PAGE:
By Jay Cook |
HOLMDEL – Sixty percent of participating voters checked the “yes” box on Tuesday afternoon to approve the Holmdel 2020 Initiative, a $40.3 million school project designed to upgrade the district’s four schools with 21st century amenities and academic offerings.
“Everybody’s really, really excited and energized,” Holmdel Schools Board of Education president Joseph Hammer said Wednesday morning. “We can’t wait to really get into some of these things.”
Since March, the Holmdel school district had been pushing the Holmdel 2020 Initiative as a necessary upgrade to the district’s four public schools – Village School, Indian Hill School, William R. Satz School, and Holmdel High School. The project will focus on academic, athletic and infrastructure improvements.
Unofficial results tabulated by the Monmouth County Clerk’s Office showed the final count as 1,020 – 675, in favor of the project. Nine of the 10 voting districts in Holmdel had a majority approval. Of the 12,747 registered voters in town, 13 percent came out to vote.
Hammer said the voter turnout was greater than anticipated, between 700 and 800 voters was his guess.
“Considering it was a Tuesday, on an off-election day, in a four-hour window that had to be done after school, I think it was actually higher than expected,” he said.
For Robert McGarry, Ed.D, Holmdel Schools superintendent, it’s a noteworthy accomplishment. McGarry moved into the superintendent’s office on July 1, 2016, and over a year later has provided his new school district with the means for a major overhaul.
“I am pleased that the community agreed with our position that our community can’t allow aging and outdated facilities to place limits on what our students are capable of achieving,” he said in a statement.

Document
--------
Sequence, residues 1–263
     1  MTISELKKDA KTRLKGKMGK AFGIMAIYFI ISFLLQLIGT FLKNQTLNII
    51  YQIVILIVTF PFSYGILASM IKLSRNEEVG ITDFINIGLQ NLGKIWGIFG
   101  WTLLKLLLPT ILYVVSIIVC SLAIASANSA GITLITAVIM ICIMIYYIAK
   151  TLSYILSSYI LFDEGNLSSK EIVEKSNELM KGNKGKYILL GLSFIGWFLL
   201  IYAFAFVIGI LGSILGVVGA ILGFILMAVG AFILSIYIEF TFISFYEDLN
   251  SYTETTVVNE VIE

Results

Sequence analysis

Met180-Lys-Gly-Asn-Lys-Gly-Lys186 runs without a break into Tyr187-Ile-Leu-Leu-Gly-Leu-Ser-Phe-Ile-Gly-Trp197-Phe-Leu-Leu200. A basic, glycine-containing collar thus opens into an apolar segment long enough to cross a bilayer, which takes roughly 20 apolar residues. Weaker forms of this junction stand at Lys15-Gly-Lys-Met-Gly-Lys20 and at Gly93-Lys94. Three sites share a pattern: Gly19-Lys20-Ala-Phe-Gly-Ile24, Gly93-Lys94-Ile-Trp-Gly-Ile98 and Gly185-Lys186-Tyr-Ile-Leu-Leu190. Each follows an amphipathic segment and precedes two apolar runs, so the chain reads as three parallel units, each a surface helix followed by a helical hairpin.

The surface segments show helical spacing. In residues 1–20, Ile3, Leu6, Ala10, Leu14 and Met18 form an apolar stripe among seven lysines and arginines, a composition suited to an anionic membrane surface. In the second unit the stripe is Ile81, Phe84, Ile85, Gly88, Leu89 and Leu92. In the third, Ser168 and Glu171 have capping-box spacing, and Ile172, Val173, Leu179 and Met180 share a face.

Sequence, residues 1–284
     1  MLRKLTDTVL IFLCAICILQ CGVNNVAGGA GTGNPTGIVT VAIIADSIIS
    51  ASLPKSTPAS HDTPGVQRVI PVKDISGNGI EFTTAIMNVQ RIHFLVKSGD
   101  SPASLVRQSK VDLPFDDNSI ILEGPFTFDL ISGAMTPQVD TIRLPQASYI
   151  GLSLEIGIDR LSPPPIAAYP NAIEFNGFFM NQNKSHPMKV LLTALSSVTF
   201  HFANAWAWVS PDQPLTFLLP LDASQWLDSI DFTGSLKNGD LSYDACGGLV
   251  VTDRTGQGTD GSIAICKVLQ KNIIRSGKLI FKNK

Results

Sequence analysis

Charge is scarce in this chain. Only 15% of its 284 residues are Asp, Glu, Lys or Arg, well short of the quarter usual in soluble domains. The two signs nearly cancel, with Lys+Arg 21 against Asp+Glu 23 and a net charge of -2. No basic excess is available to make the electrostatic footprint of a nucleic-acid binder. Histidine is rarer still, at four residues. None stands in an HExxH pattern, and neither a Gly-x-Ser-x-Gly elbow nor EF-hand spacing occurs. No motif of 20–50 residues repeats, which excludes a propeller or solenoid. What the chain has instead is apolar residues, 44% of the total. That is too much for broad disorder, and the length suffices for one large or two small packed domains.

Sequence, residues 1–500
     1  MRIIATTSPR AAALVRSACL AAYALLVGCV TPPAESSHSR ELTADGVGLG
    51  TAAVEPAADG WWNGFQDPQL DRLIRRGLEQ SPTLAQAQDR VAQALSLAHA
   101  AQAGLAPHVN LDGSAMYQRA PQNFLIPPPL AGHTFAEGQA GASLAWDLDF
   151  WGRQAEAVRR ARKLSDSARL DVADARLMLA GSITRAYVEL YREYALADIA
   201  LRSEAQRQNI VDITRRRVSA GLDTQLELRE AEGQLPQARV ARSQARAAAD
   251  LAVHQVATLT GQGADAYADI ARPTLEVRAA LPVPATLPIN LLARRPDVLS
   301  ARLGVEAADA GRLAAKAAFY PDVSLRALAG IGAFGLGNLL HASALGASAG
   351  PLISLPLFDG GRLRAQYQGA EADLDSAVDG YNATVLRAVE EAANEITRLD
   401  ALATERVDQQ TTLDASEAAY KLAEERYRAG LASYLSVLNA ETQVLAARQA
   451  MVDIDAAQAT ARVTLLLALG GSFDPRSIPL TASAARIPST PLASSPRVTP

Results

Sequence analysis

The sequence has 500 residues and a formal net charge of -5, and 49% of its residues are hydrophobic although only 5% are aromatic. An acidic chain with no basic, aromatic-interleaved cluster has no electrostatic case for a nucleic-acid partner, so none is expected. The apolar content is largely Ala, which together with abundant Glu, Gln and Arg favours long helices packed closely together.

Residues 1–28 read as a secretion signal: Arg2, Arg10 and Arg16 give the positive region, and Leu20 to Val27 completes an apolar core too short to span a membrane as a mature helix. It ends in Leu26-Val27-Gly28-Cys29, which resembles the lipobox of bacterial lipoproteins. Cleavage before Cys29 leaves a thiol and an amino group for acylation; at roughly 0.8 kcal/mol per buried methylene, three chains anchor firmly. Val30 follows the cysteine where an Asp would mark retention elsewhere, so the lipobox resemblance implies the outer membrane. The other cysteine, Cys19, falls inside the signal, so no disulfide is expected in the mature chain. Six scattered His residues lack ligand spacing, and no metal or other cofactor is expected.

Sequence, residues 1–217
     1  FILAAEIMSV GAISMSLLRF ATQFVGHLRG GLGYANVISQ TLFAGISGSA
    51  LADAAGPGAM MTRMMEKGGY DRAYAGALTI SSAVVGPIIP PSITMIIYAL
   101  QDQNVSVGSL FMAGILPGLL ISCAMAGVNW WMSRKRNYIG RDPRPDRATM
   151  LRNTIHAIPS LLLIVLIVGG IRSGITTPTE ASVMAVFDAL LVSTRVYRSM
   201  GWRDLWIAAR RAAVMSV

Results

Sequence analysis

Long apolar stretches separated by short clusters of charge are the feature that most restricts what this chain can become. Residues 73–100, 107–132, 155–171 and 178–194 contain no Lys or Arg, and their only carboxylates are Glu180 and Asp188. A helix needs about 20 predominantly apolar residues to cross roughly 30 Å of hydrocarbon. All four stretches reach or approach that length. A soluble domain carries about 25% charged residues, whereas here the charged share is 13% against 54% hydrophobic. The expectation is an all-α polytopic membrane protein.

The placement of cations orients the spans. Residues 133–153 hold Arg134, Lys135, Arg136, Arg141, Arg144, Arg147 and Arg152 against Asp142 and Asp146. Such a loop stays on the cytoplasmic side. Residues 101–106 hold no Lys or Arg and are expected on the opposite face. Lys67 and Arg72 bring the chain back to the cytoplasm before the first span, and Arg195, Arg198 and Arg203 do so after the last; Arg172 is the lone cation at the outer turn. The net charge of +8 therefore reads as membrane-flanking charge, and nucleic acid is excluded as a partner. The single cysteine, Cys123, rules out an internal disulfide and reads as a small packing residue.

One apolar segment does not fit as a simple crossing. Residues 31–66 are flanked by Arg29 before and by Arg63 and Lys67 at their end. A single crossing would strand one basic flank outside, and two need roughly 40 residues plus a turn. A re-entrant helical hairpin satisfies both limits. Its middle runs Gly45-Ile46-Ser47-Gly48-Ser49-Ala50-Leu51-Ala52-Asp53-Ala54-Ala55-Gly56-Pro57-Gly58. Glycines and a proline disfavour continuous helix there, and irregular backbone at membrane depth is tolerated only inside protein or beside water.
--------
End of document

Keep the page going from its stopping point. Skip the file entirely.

Nearly 90 percent of the $40.3 million is dedicated to Satz School, grades seven and eight, and Holmdel High School, grades nine through 12.
Although acting as separate entities, the two schools are actually connected on adjoining properties on Crawfords Corner Road. Satz School’s front office and main entrance will be moved off to the side of the school and those offices will be turned into an expanded media center. Four new science labs will be introduced through construction and repurposing of existing classrooms. An existing health/music classroom will become space for a new robotics program to be introduced into the curriculum.
At the high school, the TV Production studio will be relocated to a larger space and a former shop classroom will become a graphic arts and engineering lab.
Major renovations to turn existing libraries into fully-functioning media centers at both schools are planned. TVs, private working spaces, collaboration rooms, and lounge areas will all be included.
Village School, housing pre-k through third-grade students, would add onto its full-day kindergarten service by providing three new classrooms. A computer classroom would change into a STEAM (science, technology, engineering, arts, mathematics) lab, and another classroom would become an art room.
Both Village School and Indian Hill School, grades four through six, will replace interior doors, security cameras, old heating and venting units with HVAC systems, and upgrade public address systems, as well as curbing and walkway repairs.
Athletic upgrades are also are set at the high school. Roggy Field will receive new turf and new track surfacing, as well as ADA compliant seating and modern lighting. The existing tennis courts will become grassy areas, and the tennis area will move to the main athletic complex behind the school.
Because Holmdel 2020 was approved in a special referendum, the school district has $9.5 million in state debt service aid available to help lessen the burden on taxpayers.
A Holmdel resident with an average assessed home value of $657,228, would see a $159 tax increase, according to the district.
In a statement, McGarry said the school district will work in the coming months to finalize a detailed timeline for the various projects. Construction is expected to begin when the schools close for summer vacation in June 2018. McGarry anticipates all work to be complete by the beginning of the 2020-2021 school year.
This article was first published in the Sept. 28 – Oct. 5, 2017 print edition of The Two River Times.
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